And what were those back-up plans? Well, it appears that BP was allowed to just copy and paste its Gulf Coast emergency response plan from an old one it had lying around. Seals, sea otters, and walruses are listed in the emergency response plan as the animals that could be affected by an oil spill from the Deepwater Horizon—animals that must have somehow managed to migrate into the Gulf from the much cooler climes they normally inhabit. The emergency equipment provider BP lists for the “rapid deployment of spill response resources on a 24-hour, 7 days a week basis” is, in actuality, a Japanese home shopping site akin to QVC. This is the emergency response plan that our government found adequate for deep water drilling.

Boom on the beach at Grand Isle State Park, Wednesday May 26, 2010– David Grunfeld/The Times-Picayune

On Thursday, Tony Hayward admitted in an interview with the Financial Times that it was an “entirely fair criticism” that BP was not prepared to deal with an oil leak of this magnitude and justified the lack of a response plan by saying it was a “low-probability, high-impact” incident. Hayward also commended BP’s containment efforts to date, saying, “Considering how big this has been, very little has got[ten] away from us.” The people of the Gulf Coast certainly don’t agree with this assessment.

And now that the worst has happened, now that the things that could not be foreseen have occurred, we hear over and over from the Obama administration, from BP, and from the Coast Guard about all of the hundreds of hours of manpower and thousands of feet of boom that have been deployed to prevent the oil from reaching our shores. And then we hear the real, heartbreaking truth of this situation—of the ineffective and ineffectual response. There are reports that BP bused in as many as 400 extra cleanup workers in advance of President Obama’s visit last week. Less than a week later, the workers had disappeared. “They’re all but gone,” said a local official.  Several residents of Grand Isle called into the New Orleans talk radio station on Friday morning to report that the hundreds of workers are back, again in advance of the President’s latest visit. One can’t help but wonder if this charade is only for the President’s benefit or whether it’s for the benefit of the nation at large.

BP contract workers are coming forward, stating that they have been required to sign confidentiality agreements that prohibit them from talking to the press. And BP is apparently in charge of deciding which affected areas members of the press may visit. When a reporter from Mother Jones asked a BP representative why she was not allowed to see a local wildlife refuge where oil has come ashore, the response was because “it’s BP’s oil.”  In an interview with the New York Daily News, a contract worker stated “There is a lot of cover-up for BP. They specifically informed us that they don’t want these pictures of the dead animals [to get out]. They know the ocean will wipe away most of the evidence.” Fortunately, as difficult as it is to view them, pictures of the devastation are making their way into the public eye.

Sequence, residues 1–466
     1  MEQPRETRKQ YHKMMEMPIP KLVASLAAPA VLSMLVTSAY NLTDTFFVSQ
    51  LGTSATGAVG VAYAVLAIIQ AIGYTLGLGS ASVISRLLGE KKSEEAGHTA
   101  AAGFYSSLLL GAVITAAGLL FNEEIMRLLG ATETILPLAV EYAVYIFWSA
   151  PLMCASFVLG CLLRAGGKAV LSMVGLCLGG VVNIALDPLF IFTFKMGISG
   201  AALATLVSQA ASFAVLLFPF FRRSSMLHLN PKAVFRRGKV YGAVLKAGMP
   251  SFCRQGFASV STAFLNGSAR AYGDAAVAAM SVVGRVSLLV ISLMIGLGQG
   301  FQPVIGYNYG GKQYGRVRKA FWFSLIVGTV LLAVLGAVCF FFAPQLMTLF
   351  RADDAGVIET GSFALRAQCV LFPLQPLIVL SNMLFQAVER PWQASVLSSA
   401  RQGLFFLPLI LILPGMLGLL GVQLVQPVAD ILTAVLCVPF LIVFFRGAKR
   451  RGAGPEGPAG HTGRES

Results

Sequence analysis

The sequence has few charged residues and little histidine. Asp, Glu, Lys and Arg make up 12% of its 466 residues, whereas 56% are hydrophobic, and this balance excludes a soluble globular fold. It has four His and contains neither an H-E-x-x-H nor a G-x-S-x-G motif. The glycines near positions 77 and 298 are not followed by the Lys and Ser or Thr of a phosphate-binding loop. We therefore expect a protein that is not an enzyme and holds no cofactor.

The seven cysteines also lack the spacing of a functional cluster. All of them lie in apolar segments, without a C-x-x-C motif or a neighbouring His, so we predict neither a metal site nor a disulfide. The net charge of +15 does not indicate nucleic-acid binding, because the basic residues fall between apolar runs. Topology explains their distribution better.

Nesting pelicans are seen landing as oil washes ashore on an island that is home to hundreds of brown pelican nests as well at terns, gulls and roseated spoonbills in Barataria Bay, just inside the coast of Louisiana, Saturday, May 22, 2010 – Gerald Herber/AP Photo

On Thursday night, Rachel Maddow reported from Grand Isle, Louisiana on the “pitiful” response to the oil spill and on the ineffectual use of protection and diversion booms that neither protect nor divert. She showed miles and miles of boom that have not been maintained and have broken away from their moorings—moorings, by the way, that consist of nothing more than bamboo poles stuck in the water. This, in the 21st century, is BP’s response to an oil spill. Bamboo poles and booms. And of course, millions of gallons of toxic dispersants, which BP continues to pump into the Gulf, weeks after the EPA told them to find a safer alternative. Technology has advanced to the point that we can drill more than a mile underneath the surface of the ocean for oil, but nary a thought has been given as to how to respond to a catastrophe like this, once it actually happens.